Earlier this month National Public Radio had a report on Michael West, president and CEO of Advanced Cell Technologies, the company that announced it had created a human clone. According to NPR, Mr. West grew up with a religious background and once aspired to show that biblical creationism has scientific merit. As a young adult, he "realized" that evolution was "true." Because of that change in his worldview, he set out on a path in the field of cell research that led to his recent claim of human cloning. Evolutionists can easily believe that human cloning, stem-cell research, or any other "therapeutic" biotech experimentation is all right since they're only helping "nature" speed up desirable changes. Why should evolutionists and others with a humanist worldview see their work as wrong if they've set aside God? Whose ethics, if any, will they pick to restrain medical "treatment" or biotech research and experimentation? - Michael Cook, Shellsburg, Iowa
Reading Gene Edward Veith's Dec. 8 story, "Still ringing true," brought a big smile to my face as I fondly remembered reading Tolkien's The Lord of the Rings series almost 20 years ago as a non-Christian. It opened my imagination to consider things that were beyond my conception. It really was an "evangelism of my imagination," as Mr. Veith so accurately put it. I believe the Lord used those books to prepare my heart to receive the Lord Jesus. I plan to re-read the trilogy. - Tracy Knox, Springfield, Ill.
I normally appreciate Mr. Veith's insightful reporting, but I was appalled by the swipe he took at the Harry Potter series in "Still ringing true." Excusing Gandalf's wizardry as "natural" while decrying Potter's as "occult" displays a double standard: How is waving a wand, muttering Latin phrases, and studying in Potions class any more occult than Tolkien's mystical Middle Earth? - Loren Eaton, Colorado Springs, Colo.
Your article on the passing of Mary Kay Ash was inadequate ("Pink lady," Dec. 8). Whatever one may think of the pink Cadillacs and the like, you should have mentioned that she was a Christian lady who emphasized to her followers that they should put God first in their lives, their family next, and their Mary Kay sales business last. My wife was a Mary Kay consultant for 10 years, attended the annual conventions, and found her experience in the organization a spiritual blessing. - Bob Taylor, Las Cruces, N.M.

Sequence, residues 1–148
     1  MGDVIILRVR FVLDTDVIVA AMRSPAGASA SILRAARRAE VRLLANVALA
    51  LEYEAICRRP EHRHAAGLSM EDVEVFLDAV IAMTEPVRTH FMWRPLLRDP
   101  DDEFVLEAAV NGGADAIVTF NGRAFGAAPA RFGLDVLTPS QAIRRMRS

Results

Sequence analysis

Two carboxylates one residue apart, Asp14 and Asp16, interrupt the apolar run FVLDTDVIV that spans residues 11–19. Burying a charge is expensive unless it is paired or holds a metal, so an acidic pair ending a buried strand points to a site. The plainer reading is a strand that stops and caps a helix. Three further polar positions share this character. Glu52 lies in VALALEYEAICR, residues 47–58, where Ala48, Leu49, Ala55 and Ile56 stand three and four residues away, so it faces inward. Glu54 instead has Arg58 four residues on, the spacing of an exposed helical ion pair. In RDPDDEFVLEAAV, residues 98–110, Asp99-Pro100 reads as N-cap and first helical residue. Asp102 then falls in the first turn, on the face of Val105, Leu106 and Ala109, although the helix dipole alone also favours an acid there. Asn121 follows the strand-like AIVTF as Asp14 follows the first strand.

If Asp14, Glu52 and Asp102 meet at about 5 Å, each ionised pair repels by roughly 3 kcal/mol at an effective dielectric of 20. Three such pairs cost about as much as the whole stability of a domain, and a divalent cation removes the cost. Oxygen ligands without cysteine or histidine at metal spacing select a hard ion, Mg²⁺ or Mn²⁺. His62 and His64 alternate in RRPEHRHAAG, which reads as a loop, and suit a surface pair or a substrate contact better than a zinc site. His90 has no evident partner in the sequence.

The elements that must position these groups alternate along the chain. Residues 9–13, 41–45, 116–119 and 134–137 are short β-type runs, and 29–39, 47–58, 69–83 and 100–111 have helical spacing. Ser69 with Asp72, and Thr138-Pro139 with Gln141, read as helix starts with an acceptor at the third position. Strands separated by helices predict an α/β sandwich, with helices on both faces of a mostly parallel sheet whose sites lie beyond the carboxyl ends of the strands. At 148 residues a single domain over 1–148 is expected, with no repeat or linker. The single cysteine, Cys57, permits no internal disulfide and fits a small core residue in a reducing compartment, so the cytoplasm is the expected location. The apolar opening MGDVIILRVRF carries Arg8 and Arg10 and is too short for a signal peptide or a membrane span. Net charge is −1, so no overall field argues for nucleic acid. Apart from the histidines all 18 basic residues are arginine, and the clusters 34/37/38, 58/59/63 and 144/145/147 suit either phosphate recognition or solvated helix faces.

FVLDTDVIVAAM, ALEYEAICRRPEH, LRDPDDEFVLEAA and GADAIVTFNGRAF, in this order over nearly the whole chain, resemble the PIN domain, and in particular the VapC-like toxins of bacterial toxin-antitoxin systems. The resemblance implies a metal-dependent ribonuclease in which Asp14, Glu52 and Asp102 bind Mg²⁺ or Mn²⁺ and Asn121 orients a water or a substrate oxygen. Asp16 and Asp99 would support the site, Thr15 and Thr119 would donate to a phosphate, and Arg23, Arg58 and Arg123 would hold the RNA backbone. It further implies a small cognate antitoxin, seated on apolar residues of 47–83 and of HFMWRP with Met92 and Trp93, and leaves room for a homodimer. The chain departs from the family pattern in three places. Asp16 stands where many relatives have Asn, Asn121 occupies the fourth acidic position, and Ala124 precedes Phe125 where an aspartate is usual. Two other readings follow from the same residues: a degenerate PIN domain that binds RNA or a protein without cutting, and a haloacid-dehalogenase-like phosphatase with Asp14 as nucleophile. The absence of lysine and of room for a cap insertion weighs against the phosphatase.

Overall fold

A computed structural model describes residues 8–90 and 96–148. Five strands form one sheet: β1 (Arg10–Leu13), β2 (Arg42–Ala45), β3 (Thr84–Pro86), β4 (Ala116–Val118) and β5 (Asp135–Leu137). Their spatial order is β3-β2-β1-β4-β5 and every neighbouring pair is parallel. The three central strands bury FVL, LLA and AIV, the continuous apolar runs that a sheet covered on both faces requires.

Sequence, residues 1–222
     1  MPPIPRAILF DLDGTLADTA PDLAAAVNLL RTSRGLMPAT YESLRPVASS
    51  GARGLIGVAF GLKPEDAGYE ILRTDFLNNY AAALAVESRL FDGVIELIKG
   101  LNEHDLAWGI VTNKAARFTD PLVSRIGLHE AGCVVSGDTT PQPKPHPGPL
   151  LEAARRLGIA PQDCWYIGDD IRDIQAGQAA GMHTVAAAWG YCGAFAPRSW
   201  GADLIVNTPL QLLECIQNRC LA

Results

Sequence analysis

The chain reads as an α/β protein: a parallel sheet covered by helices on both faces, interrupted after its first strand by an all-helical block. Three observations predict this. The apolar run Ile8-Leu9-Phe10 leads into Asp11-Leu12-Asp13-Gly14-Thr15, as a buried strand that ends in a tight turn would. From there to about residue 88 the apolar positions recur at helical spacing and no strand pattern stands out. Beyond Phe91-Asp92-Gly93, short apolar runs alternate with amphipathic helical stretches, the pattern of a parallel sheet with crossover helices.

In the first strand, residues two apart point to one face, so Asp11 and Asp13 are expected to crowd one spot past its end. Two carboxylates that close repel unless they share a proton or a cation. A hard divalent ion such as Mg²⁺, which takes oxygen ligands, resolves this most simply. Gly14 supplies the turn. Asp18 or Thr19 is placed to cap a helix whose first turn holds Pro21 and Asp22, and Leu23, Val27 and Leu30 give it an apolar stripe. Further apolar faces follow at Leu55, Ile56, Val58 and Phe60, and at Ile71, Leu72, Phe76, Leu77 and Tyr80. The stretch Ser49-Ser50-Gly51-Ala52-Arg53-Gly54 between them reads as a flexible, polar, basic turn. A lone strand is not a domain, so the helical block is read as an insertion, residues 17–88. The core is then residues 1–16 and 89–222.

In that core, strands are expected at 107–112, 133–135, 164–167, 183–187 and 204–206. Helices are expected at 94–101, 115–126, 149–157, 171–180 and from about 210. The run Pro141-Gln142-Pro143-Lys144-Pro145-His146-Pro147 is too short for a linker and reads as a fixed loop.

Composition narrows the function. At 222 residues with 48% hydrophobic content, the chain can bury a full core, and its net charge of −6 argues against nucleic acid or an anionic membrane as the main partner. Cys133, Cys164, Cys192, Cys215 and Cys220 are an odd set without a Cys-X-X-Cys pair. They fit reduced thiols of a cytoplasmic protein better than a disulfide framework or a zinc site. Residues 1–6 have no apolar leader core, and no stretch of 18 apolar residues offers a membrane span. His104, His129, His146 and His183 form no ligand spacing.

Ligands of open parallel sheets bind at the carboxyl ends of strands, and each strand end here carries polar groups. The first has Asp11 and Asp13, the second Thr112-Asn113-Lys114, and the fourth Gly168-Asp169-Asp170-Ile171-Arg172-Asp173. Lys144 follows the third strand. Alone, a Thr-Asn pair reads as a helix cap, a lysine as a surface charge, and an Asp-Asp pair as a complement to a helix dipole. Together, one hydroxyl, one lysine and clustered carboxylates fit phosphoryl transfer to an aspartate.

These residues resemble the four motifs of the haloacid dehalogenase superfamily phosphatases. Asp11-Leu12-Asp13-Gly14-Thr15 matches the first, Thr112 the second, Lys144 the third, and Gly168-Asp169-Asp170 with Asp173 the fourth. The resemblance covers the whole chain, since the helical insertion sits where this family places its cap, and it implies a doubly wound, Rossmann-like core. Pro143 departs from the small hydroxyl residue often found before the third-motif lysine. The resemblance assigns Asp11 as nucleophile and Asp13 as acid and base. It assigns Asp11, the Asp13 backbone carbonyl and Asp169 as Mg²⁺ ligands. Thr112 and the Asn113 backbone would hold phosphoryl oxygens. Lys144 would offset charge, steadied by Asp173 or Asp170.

In the Oct. 20 issue, Gene Edward Veith told us, "An excess of freedom, warned Plato, is often followed by an excess of tyranny" ("Syncretism and secularism"). While reading the Dec. 8 issue I was startled to see in article after article individual Americans losing their voice or the U.S. government growing in power: President Bush plans to use military tribunals to try terrorists, amid concerns about "secret arrests, secret charges using secret evidence" ("Least-kept secret"); a bill in Maryland could cause people to be fined for smoking in their own homes (QuickTakes); the FBI has developed a virus to eavesdrop on suspects' keystrokes ("Crime-fighting virus"); new U.S. laws allow prosecutors to pursue suspects without cooperation from foreign governments if related Internet traffic goes through the United States, a "massive expansion of U.S. sovereignty," says one critic ("Internet dragnet"). Are all these bad? Not necessarily. But they are cause for alertness and prayer. - Brian Schwartz, Nashville, Tenn.
Blunt and accurate
I am 14 years old and enjoy your magazine. I was especially pleased with your article on Harry Potter and his new movie ("Wild about Harry," Dec. 1). I have read several articles on the movie, but none was as blunt and as accurate as yours. - Kristina Pontier, Hillsboro, Ore.
What if ...
Regarding "The inside track" (Nov. 10): Joel Belz's question, "Have you considered the risks involved in supposing God has not spoken when He really has?" reminded me of the not-so-gentle nudge God gave me when I overheard (actually, I was eavesdropping) my dad and uncle discussing Revelation 9:6, which says, "In those days men will seek death and will not find it ... death will flee from them." I said to myself, "What if that is really true?" Thus began my teenage search to know God which ended when I believed Jesus' words, "I am the way, the truth and the life. No one comes to the Father but by Me," spoken over the podium at the 1957 NYC Billy Graham crusade. - Nancy Bowman, New Canaan, Conn.